I hope that you will strive for godliness and, in doing so, will come to discover that happiness and contentment will follow when you seek to deepen your relationship with me.

love eternally,
your Heavenly Father.

Thursday, April 19, 2012

The Blame Game: there is no winner

So often it is the case that when a person feels the emotion ANGER and exhibits angry behaviors (aggression, yelling, blaming), what is really happening is that they are experiencing some other uncomfortable emotion (by this, I mean a feeling that they do not enjoy having such as embarrassment, fear, shame, guilt, hurt, abandonment, etc).  Being unable to handle the uncomfortable feeling, a person is likely to COVER IT UP by choosing to feel ANGRY.  Anger is much easier to handle and usually results in distracting from the real emotion by escalating a situation to where it is necessary to address the angry behavior and the uncomfortable feeling can be overlooked by others OR allowing the individual to feel more powerful and capable by bullying others with angry behaviors so that others don't hold the individual accountable.

When I teach ANGER MANAGEMENT classes, one of the points I stress is that when a person is emotionally competent, he/she can verbalize and deal with uncomfortable emotions without using ANGER to cover up his/her real feelings.

Unfortunately, we are so accustomed to blaming others or situations for our angry feelings, it is difficult for people to see the truth: we are each responsible for our own feelings and behaviors.

I want to focus the rest of this post on one aspect of the ANGER issue: BLAME.  Blame is especially toxic because it pulls participants in and traps them, preventing healing or recovery.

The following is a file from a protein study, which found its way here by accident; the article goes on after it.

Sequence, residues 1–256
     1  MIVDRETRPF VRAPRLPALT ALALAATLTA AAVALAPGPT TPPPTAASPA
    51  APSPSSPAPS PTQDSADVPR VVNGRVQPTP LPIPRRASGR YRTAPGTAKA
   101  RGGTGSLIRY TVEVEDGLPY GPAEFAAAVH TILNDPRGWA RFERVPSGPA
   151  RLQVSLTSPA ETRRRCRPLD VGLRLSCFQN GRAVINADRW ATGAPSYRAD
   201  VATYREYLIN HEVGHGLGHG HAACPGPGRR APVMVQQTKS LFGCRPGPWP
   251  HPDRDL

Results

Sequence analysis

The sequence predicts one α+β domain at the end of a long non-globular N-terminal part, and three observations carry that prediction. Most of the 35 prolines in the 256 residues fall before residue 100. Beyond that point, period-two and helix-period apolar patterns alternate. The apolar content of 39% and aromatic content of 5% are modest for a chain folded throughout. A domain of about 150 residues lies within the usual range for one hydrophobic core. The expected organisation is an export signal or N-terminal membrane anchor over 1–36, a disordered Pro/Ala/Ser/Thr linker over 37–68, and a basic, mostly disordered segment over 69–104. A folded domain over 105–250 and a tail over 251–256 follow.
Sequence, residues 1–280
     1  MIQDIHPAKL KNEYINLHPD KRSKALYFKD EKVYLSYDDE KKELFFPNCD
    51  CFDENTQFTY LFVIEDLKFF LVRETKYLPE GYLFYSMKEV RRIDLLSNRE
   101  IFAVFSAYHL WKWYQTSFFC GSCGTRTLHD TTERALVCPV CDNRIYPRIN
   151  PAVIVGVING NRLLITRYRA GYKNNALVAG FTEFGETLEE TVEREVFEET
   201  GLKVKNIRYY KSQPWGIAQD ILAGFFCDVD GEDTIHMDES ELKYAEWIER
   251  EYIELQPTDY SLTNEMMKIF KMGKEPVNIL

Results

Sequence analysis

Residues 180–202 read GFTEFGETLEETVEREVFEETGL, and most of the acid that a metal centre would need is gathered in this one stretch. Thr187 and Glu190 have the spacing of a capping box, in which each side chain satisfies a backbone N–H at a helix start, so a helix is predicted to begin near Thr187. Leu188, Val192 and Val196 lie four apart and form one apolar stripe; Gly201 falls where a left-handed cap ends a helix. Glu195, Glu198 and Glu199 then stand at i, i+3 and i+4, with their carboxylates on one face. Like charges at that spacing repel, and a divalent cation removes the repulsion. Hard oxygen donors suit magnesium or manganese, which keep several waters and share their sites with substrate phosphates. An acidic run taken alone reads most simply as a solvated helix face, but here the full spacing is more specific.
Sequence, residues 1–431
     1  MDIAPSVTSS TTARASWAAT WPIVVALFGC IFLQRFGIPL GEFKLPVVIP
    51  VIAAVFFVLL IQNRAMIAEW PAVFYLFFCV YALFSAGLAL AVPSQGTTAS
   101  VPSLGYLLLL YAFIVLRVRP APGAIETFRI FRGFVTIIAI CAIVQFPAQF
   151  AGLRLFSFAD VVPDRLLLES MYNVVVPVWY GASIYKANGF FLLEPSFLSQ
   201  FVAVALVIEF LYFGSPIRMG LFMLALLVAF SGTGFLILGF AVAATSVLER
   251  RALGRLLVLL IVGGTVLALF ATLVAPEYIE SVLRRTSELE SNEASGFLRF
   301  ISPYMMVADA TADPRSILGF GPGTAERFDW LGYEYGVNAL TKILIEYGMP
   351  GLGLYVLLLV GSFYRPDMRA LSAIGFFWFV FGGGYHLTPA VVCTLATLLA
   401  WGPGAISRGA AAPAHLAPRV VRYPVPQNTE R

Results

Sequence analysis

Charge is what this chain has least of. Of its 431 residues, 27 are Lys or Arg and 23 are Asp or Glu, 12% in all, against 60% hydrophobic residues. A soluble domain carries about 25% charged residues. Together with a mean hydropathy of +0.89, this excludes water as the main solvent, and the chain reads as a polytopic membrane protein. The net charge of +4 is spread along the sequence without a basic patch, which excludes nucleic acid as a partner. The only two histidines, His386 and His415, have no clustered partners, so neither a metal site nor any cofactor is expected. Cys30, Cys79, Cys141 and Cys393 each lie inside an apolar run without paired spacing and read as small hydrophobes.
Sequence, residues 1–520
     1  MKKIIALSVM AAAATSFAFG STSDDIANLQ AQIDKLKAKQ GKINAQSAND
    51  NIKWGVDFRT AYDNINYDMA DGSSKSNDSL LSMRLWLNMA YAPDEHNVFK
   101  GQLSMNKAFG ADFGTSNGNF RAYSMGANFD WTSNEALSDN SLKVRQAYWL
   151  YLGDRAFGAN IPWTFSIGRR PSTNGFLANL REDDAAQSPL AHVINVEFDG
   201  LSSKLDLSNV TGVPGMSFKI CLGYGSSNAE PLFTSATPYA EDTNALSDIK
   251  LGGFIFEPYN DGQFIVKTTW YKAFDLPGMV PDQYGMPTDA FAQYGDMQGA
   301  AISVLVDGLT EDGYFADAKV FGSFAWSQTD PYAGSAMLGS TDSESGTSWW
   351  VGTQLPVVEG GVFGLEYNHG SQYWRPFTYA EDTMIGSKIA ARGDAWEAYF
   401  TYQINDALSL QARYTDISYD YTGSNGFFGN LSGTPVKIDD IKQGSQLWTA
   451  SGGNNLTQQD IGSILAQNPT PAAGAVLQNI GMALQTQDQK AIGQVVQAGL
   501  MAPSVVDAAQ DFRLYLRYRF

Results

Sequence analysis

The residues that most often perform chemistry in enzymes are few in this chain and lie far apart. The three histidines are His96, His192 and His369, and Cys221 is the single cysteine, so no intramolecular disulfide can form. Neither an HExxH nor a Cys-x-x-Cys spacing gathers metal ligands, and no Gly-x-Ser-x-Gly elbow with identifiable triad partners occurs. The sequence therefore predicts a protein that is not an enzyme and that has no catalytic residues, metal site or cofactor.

Person A chooses to feel hurt, but being unable to express/deal with it ----> Person A tells Person B, "You hurt me." (a blaming statement)

Person B, not at all wanting to be responsible for Person A's feelings, gets defensive and either denies complicity or chooses to be angry and responds with angry behavior, thereby justifying Person A's feelings.  Either way, Person B, through words or actions, exhibits blame back on Person A.

One other possible outcome is that Person B has weak ego strength and accepts blame, but far from being able to handle it, wallows in self pity, which is equally unhelpful.

Neither outcome invites Person B (or Person A for that matter) to accept responsibility and change the outcome.  Rather, BLAME invites Defensiveness which escalates to ANGER and feeds into more BLAME.

So, how do you get out of the BLAME CYCLE?  It is straightforward, but difficult.